MARTINEZ BROWN: I prefer the IMAX movies, preferably in 3-D.

BLAIR: Martinez Brown was coming out of a recent showing of "Captain America" at a theater in Washington, D.C. He's also seen IMAX documentaries at the Smithsonian. The difference, he says, the museum is more visceral.

BROWN: You know you're actually inside of it, versus in the movie, you know, it's not that interactive.

BLAIR: Brown says he's willing to pay a premium price of $16.25 but these retrofitted theaters do not live up to the original IMAX brand.

BROWN: If they're going to advertise it as being IMAX, then why not just bring that same experience over to the movies?

BLAIR: Some angry film buffs call these retrofits liemax. Jeff Bock, an analyst with Exhibitor Relations, says IMAX doesn't make it clear to the public that these two experiences are different.

JEFF BOCK: There's no IMAX extreme or IMAX to the Max, which would be, you know, a great way to identify how different they are.

BLAIR: But whatever brand confusion exists, IMAX is still going strong. Last year, the IMAX showings of "Gravity" made over $100 million worldwide, 15 percent of its total grosses.



BLAIR: But where does this leave museums? The majority of institutional IMAX theaters are still made to show 70-millimeter film. The Smithsonian's Zarth Bertsch.

BERTSCH: We all need to convert to digital because film is diminishing and soon to be gone. And it's a bit sad because film still is higher quality than most digital that is out there.

BLAIR: But IMAX executives believe digital technology might soon surpass film in quality. The company is investing over $40 million to develop a laser projection system that will offer greater brightness and clarity and a wider color gamut. But IMAX film lovers have a Hollywood crusader on their side. "Batman" director Christopher Nolan first became a fan of IMAX when he was a teenager seeing documentaries like "To Fly." He used IMAX film to breathtaking effect in "The Dark Night Rises." In one aerial scene, the villain hooks a captive to a cable.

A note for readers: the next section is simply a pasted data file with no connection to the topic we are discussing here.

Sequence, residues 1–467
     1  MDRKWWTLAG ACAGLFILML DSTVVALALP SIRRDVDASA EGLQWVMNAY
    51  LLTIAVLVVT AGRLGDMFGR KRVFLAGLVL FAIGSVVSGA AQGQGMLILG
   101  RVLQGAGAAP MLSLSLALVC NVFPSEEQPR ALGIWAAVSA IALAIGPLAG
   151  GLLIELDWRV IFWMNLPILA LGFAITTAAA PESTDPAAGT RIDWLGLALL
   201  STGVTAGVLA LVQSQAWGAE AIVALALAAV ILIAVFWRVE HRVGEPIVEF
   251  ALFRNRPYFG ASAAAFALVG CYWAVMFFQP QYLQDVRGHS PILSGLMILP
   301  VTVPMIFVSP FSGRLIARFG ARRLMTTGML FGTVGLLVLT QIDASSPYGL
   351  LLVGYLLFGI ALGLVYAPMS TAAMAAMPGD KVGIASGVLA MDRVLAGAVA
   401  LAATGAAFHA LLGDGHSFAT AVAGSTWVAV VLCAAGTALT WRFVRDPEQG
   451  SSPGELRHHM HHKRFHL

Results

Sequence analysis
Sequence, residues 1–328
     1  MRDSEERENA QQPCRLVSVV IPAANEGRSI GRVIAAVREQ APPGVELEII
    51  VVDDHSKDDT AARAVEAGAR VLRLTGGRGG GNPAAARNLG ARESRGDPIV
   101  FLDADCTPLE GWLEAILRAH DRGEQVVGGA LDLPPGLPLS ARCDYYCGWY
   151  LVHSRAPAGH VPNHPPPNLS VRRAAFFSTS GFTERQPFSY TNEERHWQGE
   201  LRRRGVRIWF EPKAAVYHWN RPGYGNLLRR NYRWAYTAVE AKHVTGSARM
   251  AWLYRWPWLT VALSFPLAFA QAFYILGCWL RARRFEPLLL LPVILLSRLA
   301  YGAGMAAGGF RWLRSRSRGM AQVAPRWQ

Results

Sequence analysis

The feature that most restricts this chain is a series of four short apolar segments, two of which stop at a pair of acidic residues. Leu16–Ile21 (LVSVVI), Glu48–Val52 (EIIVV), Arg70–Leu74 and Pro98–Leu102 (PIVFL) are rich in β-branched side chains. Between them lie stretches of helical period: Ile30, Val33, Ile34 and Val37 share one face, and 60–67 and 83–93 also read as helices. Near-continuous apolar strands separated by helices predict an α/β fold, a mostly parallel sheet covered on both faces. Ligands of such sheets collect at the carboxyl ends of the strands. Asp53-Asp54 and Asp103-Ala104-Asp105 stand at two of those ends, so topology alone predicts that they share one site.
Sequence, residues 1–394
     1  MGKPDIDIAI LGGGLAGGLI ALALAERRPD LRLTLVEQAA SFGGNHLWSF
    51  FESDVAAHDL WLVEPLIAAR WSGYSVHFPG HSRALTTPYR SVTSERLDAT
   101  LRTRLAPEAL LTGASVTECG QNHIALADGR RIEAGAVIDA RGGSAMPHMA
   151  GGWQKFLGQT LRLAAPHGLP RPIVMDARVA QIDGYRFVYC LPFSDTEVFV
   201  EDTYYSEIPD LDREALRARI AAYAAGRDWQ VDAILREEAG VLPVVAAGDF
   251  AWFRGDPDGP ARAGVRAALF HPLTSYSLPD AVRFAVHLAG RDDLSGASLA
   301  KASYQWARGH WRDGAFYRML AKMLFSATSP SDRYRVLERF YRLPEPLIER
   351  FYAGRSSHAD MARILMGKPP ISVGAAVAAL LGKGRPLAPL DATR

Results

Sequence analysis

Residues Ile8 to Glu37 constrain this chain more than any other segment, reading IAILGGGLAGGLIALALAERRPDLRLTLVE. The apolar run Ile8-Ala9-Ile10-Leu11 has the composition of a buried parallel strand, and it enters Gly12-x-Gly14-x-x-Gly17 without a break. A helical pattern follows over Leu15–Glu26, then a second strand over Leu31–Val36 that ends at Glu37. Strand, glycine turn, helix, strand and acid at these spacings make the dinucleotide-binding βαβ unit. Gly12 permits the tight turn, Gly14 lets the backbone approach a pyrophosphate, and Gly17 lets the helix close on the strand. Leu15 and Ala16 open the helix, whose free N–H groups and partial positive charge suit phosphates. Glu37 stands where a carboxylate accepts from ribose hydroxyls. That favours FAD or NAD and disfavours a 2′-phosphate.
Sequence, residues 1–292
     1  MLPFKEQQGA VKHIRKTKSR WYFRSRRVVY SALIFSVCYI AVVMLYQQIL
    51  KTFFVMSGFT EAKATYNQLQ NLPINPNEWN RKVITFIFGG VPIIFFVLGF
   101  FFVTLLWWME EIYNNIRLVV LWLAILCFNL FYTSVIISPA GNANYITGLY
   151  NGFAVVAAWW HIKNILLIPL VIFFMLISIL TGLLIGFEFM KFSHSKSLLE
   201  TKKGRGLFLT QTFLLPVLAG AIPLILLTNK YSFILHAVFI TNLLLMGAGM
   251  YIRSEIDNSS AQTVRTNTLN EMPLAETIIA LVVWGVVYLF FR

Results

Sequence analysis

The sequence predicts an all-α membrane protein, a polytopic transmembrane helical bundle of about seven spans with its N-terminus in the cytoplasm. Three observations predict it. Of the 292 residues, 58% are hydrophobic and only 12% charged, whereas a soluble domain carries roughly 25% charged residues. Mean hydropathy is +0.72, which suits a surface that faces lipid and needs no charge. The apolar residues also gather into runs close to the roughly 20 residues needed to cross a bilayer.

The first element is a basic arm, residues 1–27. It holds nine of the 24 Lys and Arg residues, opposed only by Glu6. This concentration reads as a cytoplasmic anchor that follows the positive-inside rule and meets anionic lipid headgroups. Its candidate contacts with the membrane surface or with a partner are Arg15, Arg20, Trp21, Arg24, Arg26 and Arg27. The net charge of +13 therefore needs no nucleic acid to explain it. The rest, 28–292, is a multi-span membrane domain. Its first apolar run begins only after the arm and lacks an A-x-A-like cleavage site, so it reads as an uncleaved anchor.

TOM HARDY: (as Bane) Calm down, doctor. Now's not the time for fear.

BLAIR: ...pulls a switch...


BLAIR: ...and you watch the airplane fall away leaving them - and you - suspended high in the sky with stunning views of the earth below. Christopher Nolan.

CHRISTOPHER NOLAN: Those big film projectors and those big film screens are absolutely still the best possible image that's out there, and it's not going to be touched by newer technology for, I think, a long time.

BLAIR: Christopher Nolan shot his next movie, "Interstellar," with IMAX film, and he says IMAX theaters - made to show film - will be the best way to see it. But, he says, he'll also make the movie available in digital for the multiplex. Elizabeth Blair, NPR News.

Copyright © 2014 NPR. All rights reserved. Visit our website terms of use and permissions pages at for further information.

NPR transcripts are created on a rush deadline by Verb8tm, Inc., an NPR contractor, and produced using a proprietary transcription process developed with NPR. This text may not be in its final form and may be updated or revised in the future. Accuracy and availability may vary. The authoritative record of NPR’s programming is the audio record.